Time off requests to leave the office early, come in late or take a half day or indeed a full day off arouse a flag of suspicion when they come like buses – all at once. Try to arrange interviews outside hours or if requesting a day off for an interview, try to do this on a Friday or Monday where at least it does look like a long weekend. As your job search activity picks up, it will become increasingly more disruptive to your work. Expect this, and plan for it. Stockpile holiday days so you can take the time off.
Dress for an interview everyday
If your office attire is smart casual or your company has a policy of casual Fridays, you will stick out like a sore thumb when arriving in work suited and booted for an interview. You can bring a suit or change of clothes in the back of your car and do a Clarke Kent on the way to an interview but this may not always be feasible. Up your game attire wise. If your office is smart casual wear a suit to work with open collar or for females move from fashionably casual to fashionably professional – the addition of a tie or some professional footwear may be all you need to bring your attire up to interview grade without suspicion or the need for multiple wardrobes. You can gradually start dressing more professionally all the time, thereby calling less attention to yourself when you do dress up for your interviews.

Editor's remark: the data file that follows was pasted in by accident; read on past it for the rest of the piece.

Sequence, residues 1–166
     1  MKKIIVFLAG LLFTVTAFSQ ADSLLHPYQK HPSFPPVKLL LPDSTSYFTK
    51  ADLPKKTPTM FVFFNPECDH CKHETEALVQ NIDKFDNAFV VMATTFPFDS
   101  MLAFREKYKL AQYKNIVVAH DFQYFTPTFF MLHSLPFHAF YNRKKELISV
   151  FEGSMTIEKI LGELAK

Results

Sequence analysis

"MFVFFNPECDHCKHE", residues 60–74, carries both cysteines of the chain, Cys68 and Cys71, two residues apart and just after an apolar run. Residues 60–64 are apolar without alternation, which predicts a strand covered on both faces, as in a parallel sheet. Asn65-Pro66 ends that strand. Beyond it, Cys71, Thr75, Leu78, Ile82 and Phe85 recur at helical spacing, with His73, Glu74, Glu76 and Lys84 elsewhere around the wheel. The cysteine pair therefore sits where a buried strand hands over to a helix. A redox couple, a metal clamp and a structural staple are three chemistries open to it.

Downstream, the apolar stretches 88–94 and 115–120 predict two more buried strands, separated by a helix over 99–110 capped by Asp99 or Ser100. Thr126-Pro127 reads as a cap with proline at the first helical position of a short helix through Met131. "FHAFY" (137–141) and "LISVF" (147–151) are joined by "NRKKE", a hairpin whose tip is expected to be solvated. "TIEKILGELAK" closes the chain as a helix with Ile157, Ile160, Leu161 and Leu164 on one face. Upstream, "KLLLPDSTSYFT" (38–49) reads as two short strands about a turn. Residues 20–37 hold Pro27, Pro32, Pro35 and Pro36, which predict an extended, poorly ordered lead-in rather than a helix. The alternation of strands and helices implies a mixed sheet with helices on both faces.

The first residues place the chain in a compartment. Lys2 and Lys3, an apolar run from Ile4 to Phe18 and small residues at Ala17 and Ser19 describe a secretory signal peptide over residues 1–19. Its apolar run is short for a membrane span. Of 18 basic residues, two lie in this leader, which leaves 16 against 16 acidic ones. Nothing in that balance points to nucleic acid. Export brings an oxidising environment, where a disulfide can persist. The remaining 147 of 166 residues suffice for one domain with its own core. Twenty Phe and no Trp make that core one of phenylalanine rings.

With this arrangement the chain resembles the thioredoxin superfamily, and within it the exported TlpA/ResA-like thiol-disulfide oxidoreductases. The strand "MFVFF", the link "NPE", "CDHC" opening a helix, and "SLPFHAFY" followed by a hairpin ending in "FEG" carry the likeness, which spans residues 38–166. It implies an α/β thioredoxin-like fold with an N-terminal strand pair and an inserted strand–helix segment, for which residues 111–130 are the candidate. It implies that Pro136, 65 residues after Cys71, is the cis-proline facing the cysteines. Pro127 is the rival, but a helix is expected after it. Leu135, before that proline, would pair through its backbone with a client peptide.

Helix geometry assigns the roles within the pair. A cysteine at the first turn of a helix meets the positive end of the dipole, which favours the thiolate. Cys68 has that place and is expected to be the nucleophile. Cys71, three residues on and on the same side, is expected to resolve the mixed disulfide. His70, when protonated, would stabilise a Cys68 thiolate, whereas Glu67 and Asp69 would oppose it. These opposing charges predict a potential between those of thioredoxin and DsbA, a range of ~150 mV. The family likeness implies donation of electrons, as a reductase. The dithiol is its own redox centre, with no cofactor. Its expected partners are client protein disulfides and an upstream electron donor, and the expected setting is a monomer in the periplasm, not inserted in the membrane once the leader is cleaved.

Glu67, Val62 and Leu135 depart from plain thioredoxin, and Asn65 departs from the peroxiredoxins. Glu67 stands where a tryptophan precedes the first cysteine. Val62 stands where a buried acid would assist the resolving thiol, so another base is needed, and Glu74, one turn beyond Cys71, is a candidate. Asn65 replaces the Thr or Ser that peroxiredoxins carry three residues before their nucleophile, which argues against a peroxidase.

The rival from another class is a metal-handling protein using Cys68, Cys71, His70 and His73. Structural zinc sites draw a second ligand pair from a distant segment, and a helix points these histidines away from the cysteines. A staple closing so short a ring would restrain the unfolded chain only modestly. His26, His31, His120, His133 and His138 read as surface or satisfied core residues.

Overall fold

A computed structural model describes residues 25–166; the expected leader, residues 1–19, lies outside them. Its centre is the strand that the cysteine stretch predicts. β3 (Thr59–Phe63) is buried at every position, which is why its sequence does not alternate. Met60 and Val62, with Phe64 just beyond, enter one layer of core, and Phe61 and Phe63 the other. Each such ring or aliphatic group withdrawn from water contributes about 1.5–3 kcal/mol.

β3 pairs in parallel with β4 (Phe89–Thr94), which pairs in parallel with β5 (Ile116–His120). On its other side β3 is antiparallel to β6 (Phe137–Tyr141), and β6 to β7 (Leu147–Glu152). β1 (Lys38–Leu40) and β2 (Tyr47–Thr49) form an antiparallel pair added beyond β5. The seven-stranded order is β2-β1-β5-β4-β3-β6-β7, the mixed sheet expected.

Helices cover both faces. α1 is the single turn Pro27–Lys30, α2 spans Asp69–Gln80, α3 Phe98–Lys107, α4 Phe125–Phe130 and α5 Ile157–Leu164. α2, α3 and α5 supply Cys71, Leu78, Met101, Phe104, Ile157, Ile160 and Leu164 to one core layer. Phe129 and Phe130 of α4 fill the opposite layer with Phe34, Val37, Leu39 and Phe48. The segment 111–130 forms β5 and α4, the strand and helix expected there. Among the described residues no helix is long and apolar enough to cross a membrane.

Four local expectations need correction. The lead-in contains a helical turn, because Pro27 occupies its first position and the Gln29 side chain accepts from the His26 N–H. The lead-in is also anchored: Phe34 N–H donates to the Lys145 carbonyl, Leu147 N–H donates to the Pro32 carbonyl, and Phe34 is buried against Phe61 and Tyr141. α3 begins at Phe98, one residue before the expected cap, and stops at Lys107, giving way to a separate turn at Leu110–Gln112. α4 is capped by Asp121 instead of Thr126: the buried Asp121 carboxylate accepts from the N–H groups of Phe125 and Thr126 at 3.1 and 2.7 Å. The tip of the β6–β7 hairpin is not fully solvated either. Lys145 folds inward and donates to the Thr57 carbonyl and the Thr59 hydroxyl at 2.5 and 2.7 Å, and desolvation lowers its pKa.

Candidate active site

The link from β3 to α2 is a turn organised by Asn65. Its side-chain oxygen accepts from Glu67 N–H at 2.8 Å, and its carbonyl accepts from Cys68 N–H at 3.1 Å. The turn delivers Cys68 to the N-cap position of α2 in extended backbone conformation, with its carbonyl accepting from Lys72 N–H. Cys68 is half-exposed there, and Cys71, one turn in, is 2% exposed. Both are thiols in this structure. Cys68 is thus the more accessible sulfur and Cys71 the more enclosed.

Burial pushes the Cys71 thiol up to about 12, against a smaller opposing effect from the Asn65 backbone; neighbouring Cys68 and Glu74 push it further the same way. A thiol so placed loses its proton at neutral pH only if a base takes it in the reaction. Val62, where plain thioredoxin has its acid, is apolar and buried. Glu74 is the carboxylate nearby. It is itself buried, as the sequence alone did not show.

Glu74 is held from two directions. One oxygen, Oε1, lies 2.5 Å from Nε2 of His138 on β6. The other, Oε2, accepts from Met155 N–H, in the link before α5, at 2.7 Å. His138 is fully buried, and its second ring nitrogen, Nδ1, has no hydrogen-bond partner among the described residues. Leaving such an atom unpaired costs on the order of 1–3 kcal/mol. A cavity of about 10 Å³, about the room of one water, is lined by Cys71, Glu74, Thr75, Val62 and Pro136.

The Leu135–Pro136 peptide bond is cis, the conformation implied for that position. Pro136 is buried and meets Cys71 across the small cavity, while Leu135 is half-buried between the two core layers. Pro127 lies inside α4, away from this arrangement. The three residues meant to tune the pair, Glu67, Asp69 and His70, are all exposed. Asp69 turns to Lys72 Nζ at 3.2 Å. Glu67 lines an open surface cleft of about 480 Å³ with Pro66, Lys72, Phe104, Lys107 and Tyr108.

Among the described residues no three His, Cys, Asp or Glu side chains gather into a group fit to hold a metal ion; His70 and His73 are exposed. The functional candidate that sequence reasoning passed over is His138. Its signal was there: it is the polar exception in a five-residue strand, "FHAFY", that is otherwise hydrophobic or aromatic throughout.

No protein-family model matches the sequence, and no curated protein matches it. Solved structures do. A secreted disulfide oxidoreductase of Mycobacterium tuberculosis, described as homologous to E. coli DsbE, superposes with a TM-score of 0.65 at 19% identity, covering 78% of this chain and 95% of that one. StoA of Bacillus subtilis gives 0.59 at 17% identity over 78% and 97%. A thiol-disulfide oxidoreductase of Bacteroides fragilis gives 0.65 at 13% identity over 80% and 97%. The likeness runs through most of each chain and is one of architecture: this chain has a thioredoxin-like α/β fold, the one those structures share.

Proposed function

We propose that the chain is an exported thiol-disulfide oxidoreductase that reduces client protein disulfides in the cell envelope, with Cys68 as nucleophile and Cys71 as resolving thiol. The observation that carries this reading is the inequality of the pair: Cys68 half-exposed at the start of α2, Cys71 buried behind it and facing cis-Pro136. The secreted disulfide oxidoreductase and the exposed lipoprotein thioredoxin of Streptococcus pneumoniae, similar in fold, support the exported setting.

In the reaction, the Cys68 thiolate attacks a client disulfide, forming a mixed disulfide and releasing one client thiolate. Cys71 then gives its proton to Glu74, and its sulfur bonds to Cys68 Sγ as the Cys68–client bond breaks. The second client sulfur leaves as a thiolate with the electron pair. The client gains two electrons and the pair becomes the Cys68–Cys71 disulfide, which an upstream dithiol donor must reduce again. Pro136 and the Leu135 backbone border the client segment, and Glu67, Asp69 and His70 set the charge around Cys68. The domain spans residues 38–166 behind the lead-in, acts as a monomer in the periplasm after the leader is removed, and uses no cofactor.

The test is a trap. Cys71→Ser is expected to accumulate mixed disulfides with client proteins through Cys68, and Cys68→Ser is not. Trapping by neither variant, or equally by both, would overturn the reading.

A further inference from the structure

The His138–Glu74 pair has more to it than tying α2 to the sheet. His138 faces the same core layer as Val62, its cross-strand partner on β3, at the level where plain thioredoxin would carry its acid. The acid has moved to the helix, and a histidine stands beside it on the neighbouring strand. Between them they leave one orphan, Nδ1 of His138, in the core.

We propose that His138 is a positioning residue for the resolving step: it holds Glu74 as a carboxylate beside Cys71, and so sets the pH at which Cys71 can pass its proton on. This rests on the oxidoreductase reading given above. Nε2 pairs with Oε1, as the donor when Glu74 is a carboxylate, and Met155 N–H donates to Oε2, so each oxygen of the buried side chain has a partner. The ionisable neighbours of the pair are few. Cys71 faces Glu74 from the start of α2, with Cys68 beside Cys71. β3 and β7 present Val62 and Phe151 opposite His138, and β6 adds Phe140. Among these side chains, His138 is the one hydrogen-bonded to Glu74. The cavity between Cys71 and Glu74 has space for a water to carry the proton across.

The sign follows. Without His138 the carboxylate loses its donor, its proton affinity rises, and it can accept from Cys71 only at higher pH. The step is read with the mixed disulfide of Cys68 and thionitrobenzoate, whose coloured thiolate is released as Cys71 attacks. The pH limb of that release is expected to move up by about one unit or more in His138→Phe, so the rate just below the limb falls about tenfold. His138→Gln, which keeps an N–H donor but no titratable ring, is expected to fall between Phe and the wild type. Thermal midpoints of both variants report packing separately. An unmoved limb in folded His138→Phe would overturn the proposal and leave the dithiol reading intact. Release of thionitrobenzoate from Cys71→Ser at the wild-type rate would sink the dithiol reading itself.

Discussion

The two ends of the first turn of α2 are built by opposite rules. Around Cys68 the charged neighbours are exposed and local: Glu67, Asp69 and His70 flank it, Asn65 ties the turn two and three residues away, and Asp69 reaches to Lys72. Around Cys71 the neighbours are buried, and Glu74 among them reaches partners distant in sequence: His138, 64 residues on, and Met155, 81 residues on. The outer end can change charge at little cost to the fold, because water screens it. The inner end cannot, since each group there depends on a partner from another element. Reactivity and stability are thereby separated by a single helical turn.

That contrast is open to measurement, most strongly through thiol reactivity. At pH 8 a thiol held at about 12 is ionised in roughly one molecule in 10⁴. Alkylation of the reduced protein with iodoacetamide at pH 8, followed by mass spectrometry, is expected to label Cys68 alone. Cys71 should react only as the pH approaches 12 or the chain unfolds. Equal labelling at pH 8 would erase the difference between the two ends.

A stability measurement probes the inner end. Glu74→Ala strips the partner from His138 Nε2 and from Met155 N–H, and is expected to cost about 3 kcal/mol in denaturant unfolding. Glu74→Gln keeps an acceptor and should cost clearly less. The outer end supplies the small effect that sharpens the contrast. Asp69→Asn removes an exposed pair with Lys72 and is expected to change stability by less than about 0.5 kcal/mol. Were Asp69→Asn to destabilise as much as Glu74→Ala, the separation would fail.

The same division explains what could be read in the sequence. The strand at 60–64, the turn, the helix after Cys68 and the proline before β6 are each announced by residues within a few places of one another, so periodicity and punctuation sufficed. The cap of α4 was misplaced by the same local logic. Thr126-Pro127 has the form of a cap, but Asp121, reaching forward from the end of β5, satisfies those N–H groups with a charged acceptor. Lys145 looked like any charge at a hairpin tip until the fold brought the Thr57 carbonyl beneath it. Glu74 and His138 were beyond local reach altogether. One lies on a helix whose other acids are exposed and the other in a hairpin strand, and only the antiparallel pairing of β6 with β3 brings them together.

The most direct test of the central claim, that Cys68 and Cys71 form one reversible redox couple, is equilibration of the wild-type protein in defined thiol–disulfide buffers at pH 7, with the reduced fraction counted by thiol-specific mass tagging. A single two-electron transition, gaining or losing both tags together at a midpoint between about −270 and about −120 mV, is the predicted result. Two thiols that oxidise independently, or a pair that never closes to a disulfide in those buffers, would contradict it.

Manage your recruiters
I start in the office at 7am each morning so I can meet and speak with candidates before work. We don’t close at lunch so that we can make and take calls from candidates who cannot speak during office hours and I work late every Wednesday for the same reason. You might be doing all you can to keep your job search confidential but you also have to ensure that everyone who is working with you also keeps this confidence. This means that you instruct recruiters to only contact you on your mobile phone or personal email and you should let them know that your search is confidential and that you can only talk at certain times or indeed by text or just email. Make sure you insist that they don’t forward your information to any clients without your consent – you don’t want them to pitch you to their client who also happens to work closely with your current company.
Manage potential contacts
In addition to recruiters, be careful what you say to suppliers, consultants, or clients of your company. You may have a genuine relationship with them outside of work but if you ask them for professional leads that will take you out of your company, it might be construed as competing with your company or not acting in the company’s best interest. This may run foul of company policy. Or the supplier, consultant or client may be loose-lipped and mention that you’re looking to your boss.
Ireland is a small place and everyone knows everyone, however HR professionals and professional recruiters guarantee discretion and confidentiality. Keep your cards close to your chest, box clever and your job search will remain private and confidential.
By Barry Whelan, managing director of Excel Recruitment. www.excelrecruitment.com.